Alexander Edwin Sweet and the Wild West Show
D URING THE LAST HALF OF THE NINETEENTH CENTURY MUCH OF THE
news coming out of Texas was in the form of cliched reports of
Indian and Mexican massacres and hold-ups by stage robbers. Then a
fresh and funny column began to appear in the nation's papers that
made Texas appear more civilized. The reporter responsible for this
fresh approach was the once-famous, now nearly forgotten Texas hu-
morist, Alexander (Alex E.) Sweet. It was he who may have done more
for immigration into Texas than all the propaganda distributed by pas-
senger-hungry Texas railroads.
Sweet's humor was urbane and satirical in comparison with many of
his contemporaries who wrote in the vernacular and "misspelled words
and wrote under invented names (which evidently was considered a
funny thing to do) like 'Josh Billings' and 'Artemus Ward' and 'Petro-
leum V. Nasby.'"" Sweet's wry, modern tone is seen in his account of the
battle of the Alamo, which appeared in his column in Texas Siftings,
September 9, 1882, where the tragic affair reads like a script for a Marx
Brothers' film, with the Alamo heroes dying several times in several dif-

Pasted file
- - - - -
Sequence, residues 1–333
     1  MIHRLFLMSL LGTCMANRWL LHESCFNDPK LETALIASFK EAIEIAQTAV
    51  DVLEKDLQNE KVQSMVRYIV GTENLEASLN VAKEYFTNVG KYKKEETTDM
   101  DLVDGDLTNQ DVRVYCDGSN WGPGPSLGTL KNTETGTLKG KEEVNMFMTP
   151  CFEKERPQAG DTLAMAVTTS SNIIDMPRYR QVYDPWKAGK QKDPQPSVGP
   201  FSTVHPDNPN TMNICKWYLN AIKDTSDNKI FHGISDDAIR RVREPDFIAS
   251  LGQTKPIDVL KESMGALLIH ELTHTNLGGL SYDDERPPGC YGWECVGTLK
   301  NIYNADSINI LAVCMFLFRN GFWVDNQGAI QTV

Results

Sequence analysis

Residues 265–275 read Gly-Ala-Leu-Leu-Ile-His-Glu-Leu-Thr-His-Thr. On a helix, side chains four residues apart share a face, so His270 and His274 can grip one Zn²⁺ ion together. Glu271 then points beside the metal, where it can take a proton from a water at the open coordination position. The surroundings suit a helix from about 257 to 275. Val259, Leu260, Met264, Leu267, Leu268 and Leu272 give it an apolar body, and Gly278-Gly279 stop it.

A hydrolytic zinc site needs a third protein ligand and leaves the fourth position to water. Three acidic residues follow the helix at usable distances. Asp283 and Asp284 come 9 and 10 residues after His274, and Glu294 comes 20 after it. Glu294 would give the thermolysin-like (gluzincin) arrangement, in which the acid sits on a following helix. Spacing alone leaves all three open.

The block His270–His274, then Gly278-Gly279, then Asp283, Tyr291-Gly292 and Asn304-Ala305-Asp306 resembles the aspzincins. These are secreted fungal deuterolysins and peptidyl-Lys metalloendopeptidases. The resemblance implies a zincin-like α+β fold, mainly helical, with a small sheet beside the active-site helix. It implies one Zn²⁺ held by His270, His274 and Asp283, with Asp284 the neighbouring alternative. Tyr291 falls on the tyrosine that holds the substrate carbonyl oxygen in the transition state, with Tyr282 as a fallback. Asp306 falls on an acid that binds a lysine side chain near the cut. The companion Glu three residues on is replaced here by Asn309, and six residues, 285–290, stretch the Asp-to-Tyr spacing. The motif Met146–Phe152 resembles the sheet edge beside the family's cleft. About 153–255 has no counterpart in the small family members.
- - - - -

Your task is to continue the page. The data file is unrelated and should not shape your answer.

ferent places. Sweet's iconoclastic writings were closer to Mark Twain's
black humor, which was "a kind of 'literary' violence, comparable to the
physical violence of the frontier."
Sweet displayed a talent for ethnic dialects. He sometimes filled his
columns with German, English, Negro, Irish, and Jewish jokes. He
made fun of anybody who caught his attention, lampooning lawyers,
Indians, dentists, politicians, Mexicans, the religious, businessmen,
* Mrs. Virginia Eisenhour, a resident of Galveston, is the editor of Alex Sweet's Texas: The
Lighter Side of Lone Star History (1986). She also wrote and published two booklets on Galveston
history, The Strand of Galveston (1973) and Galveston- A Different Place (1983).
iWilliam K Zmsser, "American Humor, 1966," Horizon, VIII (Spring, 1966), 116 (quota-
2Encyclopedsa Americana, International ed., s.v. "Sweet, Alexander Edwin."
Texas State Historical Association. The Southwestern Historical Quarterly, Volume 93, July 1989 - April, 1990. Austin, Texas. The Portal to Texas History. http://texashistory.unt.edu/ark:/67531/metapth101213/. Accessed May 29, 2016.